SH alum moves along in music world with new act, album

Sean C. Morgan

Andy Wylie (Slaght) has had a busy summer, playing an eclectic selection of folk, country and rock ‘n’ roll with touches of punk following the release of a new album, “Mournography,” as “City Bear.”

Wylie, 27, is a 2004 graduate of Sweet Home High School who lives in Shoreline, Wash., located north of Seattle. He has been writing and recording music since high school as a singer-songwriter and with full bands.

He left Sweet Home in 2006 for the Seattle area, where he formed the rock band Church for Sinners, playing guitar and singing with his brother Ben Grim (Slaght), who played bass. He spent four years touring with the band, releasing an EP and a full-length album and touring the West Coast two or three times, including a stop in Sweet Home.

Church for Sinners members have moved on to other projects after difficulties following the release of a full-length album.

It took a while to put the album out, Wylie said. When it was supposed to come out, the label lost its distribution and didn’t support it or the tour. It was up to the band to book gigs after that.

That’s when he started playing solo shows as City Bear, a situation where he had to rely on only himself.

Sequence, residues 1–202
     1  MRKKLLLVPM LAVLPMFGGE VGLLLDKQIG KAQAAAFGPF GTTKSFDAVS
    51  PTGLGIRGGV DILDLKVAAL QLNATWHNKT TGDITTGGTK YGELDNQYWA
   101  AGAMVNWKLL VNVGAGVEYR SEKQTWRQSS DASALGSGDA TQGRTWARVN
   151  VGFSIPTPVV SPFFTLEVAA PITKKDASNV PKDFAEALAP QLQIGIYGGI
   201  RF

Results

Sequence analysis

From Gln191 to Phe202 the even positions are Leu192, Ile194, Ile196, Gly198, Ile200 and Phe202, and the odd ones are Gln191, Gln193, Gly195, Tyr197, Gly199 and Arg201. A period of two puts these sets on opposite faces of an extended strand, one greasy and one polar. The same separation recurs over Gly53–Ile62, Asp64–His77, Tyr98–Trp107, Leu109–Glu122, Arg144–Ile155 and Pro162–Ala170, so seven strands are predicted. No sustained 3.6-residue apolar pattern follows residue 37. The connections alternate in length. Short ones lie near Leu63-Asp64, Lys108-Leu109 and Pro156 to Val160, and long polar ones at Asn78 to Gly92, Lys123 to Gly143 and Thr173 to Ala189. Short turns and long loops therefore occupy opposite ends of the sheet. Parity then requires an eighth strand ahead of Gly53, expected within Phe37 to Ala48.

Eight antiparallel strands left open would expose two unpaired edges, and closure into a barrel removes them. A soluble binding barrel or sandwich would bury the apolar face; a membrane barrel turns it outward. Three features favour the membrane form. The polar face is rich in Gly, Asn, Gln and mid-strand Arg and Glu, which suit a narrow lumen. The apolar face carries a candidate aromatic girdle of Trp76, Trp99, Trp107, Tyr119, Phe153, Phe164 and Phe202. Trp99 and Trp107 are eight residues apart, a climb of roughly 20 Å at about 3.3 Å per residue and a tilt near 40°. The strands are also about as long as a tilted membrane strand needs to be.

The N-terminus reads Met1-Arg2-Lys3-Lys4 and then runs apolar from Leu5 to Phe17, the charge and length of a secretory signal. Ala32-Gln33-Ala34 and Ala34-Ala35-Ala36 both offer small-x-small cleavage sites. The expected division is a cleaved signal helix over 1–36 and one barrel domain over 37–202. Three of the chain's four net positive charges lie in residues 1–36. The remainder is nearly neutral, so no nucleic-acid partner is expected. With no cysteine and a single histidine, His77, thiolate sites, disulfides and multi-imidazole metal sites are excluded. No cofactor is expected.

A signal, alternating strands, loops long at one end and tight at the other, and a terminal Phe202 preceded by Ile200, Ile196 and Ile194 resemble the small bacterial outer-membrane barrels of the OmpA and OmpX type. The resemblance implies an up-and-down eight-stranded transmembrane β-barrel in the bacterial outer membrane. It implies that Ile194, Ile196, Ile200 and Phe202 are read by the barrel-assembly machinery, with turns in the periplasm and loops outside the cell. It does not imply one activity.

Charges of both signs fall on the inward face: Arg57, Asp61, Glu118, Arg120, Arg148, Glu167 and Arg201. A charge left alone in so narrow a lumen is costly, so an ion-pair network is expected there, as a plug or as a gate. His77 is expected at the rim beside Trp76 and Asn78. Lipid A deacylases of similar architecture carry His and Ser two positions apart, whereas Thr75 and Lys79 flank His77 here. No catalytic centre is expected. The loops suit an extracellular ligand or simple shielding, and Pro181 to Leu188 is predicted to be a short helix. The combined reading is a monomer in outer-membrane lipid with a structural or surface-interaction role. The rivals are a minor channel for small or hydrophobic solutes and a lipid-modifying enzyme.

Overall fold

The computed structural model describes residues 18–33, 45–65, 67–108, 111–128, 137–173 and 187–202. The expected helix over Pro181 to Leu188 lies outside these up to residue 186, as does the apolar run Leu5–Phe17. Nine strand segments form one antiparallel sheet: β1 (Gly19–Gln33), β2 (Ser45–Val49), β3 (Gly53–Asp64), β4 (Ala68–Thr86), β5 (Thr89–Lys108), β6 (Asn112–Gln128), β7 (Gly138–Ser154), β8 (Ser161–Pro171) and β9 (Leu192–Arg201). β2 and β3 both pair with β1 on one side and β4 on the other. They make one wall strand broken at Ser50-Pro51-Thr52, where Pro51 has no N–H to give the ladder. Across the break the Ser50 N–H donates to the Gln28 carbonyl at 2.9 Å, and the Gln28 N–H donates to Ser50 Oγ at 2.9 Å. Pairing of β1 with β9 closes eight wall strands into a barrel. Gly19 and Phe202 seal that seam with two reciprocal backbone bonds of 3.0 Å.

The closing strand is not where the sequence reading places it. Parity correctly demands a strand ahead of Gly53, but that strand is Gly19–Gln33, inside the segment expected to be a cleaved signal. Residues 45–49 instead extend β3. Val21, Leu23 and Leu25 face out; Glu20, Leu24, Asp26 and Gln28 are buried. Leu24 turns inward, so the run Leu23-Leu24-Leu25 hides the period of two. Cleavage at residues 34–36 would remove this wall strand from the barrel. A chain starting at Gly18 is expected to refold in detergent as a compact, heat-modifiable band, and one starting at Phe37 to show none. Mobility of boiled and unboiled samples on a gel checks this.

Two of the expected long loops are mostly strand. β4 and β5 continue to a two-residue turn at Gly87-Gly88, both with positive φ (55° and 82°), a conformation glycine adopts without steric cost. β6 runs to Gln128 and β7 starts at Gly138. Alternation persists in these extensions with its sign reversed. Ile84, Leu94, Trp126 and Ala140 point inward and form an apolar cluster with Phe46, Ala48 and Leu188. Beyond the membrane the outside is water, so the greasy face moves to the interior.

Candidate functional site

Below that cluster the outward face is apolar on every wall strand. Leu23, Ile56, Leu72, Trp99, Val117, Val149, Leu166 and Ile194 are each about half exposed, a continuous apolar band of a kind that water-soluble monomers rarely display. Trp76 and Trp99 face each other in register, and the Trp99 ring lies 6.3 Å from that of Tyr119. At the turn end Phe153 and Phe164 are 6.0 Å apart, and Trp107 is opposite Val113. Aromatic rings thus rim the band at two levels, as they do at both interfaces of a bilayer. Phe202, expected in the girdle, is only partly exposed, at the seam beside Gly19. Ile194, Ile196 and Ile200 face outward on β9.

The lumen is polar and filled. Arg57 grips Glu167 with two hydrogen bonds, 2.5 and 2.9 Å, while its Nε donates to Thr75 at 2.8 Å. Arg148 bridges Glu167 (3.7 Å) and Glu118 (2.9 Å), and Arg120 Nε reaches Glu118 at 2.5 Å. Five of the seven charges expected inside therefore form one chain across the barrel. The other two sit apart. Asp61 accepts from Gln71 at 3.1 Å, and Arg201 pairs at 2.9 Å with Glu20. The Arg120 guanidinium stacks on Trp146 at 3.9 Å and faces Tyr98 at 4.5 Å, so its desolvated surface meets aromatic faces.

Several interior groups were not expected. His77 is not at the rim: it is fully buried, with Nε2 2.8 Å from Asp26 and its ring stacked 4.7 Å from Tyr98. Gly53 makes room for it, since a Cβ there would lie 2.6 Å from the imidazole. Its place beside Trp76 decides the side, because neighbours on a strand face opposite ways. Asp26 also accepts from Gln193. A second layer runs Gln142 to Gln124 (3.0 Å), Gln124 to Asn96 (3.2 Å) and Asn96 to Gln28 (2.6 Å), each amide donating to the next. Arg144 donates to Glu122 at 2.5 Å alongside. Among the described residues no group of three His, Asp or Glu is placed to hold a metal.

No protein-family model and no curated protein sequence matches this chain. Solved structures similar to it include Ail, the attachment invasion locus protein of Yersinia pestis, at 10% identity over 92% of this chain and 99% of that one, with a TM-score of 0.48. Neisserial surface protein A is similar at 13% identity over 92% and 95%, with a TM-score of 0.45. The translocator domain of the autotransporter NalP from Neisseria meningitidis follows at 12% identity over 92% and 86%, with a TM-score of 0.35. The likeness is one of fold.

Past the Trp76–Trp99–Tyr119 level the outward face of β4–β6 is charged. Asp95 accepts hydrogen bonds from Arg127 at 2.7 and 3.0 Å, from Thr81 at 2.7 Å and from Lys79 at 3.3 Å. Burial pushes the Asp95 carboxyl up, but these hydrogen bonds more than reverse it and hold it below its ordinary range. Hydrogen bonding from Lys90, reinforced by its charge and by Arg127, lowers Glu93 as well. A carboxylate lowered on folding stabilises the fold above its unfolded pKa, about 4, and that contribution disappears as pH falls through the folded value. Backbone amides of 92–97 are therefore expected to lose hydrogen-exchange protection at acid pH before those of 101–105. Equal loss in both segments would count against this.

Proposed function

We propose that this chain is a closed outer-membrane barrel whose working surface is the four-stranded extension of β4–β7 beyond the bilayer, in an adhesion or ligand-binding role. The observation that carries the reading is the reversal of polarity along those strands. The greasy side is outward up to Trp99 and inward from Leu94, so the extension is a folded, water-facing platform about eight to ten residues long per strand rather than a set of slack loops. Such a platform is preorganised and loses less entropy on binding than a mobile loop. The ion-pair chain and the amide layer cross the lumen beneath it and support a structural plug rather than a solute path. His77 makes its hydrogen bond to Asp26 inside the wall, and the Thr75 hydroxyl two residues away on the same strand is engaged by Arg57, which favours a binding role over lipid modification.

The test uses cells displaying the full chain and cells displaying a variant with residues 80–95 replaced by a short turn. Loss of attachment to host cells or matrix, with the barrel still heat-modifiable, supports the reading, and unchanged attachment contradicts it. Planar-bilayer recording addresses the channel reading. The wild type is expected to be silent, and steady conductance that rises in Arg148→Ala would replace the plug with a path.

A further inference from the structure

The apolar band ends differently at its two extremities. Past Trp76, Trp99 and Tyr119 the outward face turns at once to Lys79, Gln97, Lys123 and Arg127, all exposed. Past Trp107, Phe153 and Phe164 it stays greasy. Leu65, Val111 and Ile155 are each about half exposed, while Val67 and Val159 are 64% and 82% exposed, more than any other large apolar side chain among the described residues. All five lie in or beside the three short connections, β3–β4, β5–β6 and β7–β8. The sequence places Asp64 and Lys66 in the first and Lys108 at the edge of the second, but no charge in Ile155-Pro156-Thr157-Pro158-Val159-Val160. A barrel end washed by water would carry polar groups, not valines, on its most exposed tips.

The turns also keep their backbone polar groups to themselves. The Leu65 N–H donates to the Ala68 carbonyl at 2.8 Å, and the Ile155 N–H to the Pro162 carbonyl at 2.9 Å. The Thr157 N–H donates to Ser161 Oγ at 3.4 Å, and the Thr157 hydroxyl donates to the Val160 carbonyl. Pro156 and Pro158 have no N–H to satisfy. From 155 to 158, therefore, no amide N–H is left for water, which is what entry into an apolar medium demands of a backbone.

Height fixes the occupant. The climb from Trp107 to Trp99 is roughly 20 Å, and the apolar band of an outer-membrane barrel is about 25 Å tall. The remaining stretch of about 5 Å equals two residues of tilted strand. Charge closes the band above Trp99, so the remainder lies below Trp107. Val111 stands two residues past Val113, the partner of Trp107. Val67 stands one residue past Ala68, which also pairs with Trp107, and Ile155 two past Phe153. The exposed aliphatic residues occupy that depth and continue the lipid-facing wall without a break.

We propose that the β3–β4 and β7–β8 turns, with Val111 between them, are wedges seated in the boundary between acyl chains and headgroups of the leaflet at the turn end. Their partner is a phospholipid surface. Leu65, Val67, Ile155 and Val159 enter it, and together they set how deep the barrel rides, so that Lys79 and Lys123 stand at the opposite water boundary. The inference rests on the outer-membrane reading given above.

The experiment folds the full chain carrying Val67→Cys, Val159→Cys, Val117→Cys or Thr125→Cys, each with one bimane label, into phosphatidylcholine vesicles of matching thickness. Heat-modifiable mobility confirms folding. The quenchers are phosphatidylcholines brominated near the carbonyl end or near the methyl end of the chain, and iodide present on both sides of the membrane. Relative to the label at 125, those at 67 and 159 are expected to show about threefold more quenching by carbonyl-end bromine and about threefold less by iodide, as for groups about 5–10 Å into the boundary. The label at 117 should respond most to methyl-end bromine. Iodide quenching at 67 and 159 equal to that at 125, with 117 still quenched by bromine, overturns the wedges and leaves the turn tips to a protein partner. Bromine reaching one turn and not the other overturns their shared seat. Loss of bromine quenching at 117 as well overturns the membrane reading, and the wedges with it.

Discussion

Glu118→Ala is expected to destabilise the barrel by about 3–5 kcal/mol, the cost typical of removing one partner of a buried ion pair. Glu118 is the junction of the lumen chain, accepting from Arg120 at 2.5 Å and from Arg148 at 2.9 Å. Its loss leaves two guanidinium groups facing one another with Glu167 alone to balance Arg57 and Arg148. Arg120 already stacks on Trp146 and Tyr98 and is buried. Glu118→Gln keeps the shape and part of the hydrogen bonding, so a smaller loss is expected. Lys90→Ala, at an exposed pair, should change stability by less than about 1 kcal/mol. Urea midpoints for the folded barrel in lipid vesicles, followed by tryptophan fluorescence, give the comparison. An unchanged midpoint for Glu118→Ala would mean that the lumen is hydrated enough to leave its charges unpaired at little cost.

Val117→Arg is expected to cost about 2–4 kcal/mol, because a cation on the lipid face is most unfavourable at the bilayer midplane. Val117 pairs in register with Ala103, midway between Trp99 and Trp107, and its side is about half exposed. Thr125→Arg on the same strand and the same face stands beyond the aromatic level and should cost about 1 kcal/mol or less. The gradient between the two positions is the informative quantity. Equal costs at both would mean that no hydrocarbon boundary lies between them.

Wylie recorded his first City Bear record and released it in February, he said, and then he played a few shows around Seattle. Among gigs, he played the Tillicum Arts Festival, and after joining Vito and the One Eyed Jacks earlier this year, he performed with them on stage at the Northwest Folklife Festival in Seattle in a set that included a couple of City Bear tunes.

“Smaller shows, I’ll do them by myself or one or two other guys,” Wylie said. Larger shows, he brings in more musicians. He and Vito have a bank of musicians they draw from for shows.

Now, he’s getting ready to head into the studio for a second City Bear album and a live album with Vito and the One Eyed Jacks.

The current album included songs written since Wylie was 15 years old through his time with Church for Sinners, along with newer songs, creating the eclectic selection.

Recording it, he and his producer would lay down a scratch track and give it a listen, he said.

“We’d just listen and see what the song wanted,” adding bass here, an accordion there, whatever was meant to be in the song. The album features several other musicians as needed on each track.

“I like the album a lot,” Wylie said. “It takes some leaps. I’m having more fun than ever just because I’m in a space where I can do a lot of different things.”

One minute it’s in the piano of “Mediocre Love Song,” and the next it’s moving right into rock territory, with a lot of folkiness.

That’s where the second album is headed, more “folky” and less rock, Wylie said.

Besides City Bear and Vito, Wylie is about to start two more projects, one playing bass with Gotcha, a friend’s son’s band, an ambient electronic group, something way outside Wylie’s comfort zone. He’s also getting ready to put together a new band with his brother Ben and a couple of members of the Gruesome Boys, a band that toured with Church for Sinners.

City Bear is available through iTunes and at citybear.bandcamp.com as MP3, FLAC and more. Compact discs and streaming are also available through bandcamp.com. The digital product is distributed by Psycho-A-Go-Go Records.

City Bear may be found on Facebook at http://www.facebook.com/BearArmy.

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